DIY Fender Princeton DSP 65 footswitch

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It’s been some years since I became the proud owner of a used Fender Princeton 65 DSP, a transitor guitar amplifier with one of the best quality/price ratios. Its best qualities are:

  • crazy sound volume: a sonic pressure almost comparable with that of a valve-based counterpart;
  • ultra-clean on clean channel, aggresive enough on distort channel, particularly inclined to Blues, Country and Jazz;
  • simple but effective embedded digital effects: reverb, reverb + delay, delay, chorus, chorus + delay, chorus + reverb, flanger, Vibratone;
  • pre out and power in plugs, usable as send / return or slaving to external amp.

I’ve found this cool toy in a “used” section of a well-known shop in Milan, for 260 euros. Unfortunately, the amp didn’t include the necessary footswitch, so during these years I had to either use a single channel during the hole song (integrating the sound with TubeScreamer and other pedals) or switch manually.

A positive note: the amp was sold along with manual and schematics (which can anyway be downloaded from the Fender website), but being not proficient at all in electronics I did not think about building a footswitch by myself. I tried buying a Marshall-type two-button footswitch from the local store, but it did not work. Many shop owners told me that Fender footswitches are peculiar, in fact they employ a mono cable instead of stereo (or multiple mono), leveraging some fancy electronics to handle the signal… As someone once said, “it is never too late!”. So I wrote to a couple of friends of mine, electronics experts and musicians:

After some email exchange, here is their advice:

The investigation

Max Farnea

I’m trying to understand. It looks like amplifier sends an alternate signal to the switch, so probably switches are discriminated based on the half-wave that they let pass through, thanks to the diodes. I think that both regular signal diodes 1N4148 or recifier diodes 1N4001 will do. The LEDs in the pedal polarize according to the corresponding diode, but be aware that LED not only emit light but also cause small tension drops. If amplifier circuit is sensible to tension drop (I don’t think so) it should suffice to mount two diodes in series for each diode in the schema. The tension drop of the second diode is the same of the LED (which are diodes themselves). Do you have just switches in your pedal, and no other components? Maybe the jack is a stereo one, but the amplifier just ‘listens’ to signal polarization.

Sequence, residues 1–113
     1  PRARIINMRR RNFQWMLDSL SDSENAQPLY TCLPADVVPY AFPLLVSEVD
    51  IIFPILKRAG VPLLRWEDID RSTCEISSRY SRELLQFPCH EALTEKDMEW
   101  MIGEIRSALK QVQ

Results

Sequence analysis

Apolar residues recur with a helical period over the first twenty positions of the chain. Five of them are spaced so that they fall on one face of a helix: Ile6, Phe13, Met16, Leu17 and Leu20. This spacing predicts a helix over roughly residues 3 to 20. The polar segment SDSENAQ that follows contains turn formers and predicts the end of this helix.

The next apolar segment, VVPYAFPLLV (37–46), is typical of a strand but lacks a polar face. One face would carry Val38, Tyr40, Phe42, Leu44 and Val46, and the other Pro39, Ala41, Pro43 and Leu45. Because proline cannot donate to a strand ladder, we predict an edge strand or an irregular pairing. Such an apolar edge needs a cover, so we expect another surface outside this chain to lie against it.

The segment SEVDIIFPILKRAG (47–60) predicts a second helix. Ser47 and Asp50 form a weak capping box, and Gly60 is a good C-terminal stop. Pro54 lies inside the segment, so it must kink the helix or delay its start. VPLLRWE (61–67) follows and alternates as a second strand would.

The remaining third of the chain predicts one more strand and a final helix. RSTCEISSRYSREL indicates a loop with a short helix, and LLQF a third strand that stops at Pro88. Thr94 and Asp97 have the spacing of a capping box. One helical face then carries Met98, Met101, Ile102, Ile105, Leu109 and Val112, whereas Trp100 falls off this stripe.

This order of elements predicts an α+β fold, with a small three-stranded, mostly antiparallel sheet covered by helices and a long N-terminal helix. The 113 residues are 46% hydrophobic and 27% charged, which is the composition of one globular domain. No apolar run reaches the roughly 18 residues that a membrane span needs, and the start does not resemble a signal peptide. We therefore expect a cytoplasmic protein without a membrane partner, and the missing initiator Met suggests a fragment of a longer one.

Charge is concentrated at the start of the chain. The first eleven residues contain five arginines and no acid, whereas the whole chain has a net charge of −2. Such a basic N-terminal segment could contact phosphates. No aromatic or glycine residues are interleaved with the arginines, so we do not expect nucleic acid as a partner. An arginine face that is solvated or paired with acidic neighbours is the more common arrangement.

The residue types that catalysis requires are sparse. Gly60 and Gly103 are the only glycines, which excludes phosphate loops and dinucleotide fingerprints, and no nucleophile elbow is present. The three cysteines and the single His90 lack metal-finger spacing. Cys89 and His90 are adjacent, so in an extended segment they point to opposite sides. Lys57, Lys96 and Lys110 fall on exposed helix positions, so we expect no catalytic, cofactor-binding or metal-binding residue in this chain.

For the wiring part… the black or white belt corresponds to the veritcal bar in the diode symbol found in the schematics. The remaining part of the circuit (which is very essential anyway) should be copied as-is. If you want some hint you should tell me where are you starting from, i.e. what do you see when you open up the cover.

Alex Petrini

The switch is realized with a mono cable and the circuit inside the amplifier select channel and effect on/off based on half-waves: positive, negative, both or none. The diodes in the footswitch just block one or both of the half-waves, so play a fundamental role in the pedal.

I sent you a drawing that should depict how to wire the components, that should be very helpful. It should be clear enough, but in case you’re unsure let your friend have a look at it before grabbing the solder: six eyes are better then four.

In any case I would not eliminate the LEDs, you know better than me how useful they are on stage! They complicate the assembly phase, but it’s worth it. If you prefer not to mount them, follow the advice of your savvy friend and replace them with the same non-led diodes you’re going to use in the footswitch.

The schematics says that non-led diodes are 1n4448, equivalent to 1n914 or 1n4148, check your local store. Be aware that they usually have a different color than the ones depicted in the picture, you should keep the black belt as reference.

About the switches: I supposed thath the central pin is the common one; when soldering check with a tester that current flows or not, based on switch status.

That’s all, if you have any problems I’m here.

Have a good week-end and good luck!

Princeton DSP 65 footswitch schematics

The result

I decided to modify the Marshall-style footswitch, using the following procedure.

Materials and tools:

  • a two-button footswitch;
  • electrical wires coming from a defunct computer internal speaker;
  • 2 red LEDs, found in a corner of my storage room, already soldered on 1N4003 diodes (!);
  • tin-lead solder, soldering iron, a clipper;
  • small metal or plastic belts.

The steps involved are:

  • join the ring and the sleeve of the stereo jack, transforming it to a mono plug;
  • solder everything as in Alex’ schematic (see above);
  • drilled two holes in the footswitch case, for the LEDs (with the screwdriver!);
  • test everything!

Photo-reportage

The “Laboratory”:

The Lab

Test center:

Test Equipment

The circuit, carrying the worst solderings ever made:

DIY Princeton DSP 65 footswitch

The box, seen from above::

DIY Princeton DSP 65 footswitch

A bit of reordering:

DIY Princeton DSP 65 footswitch

In action!

DIY Princeton DSP 65 footswitch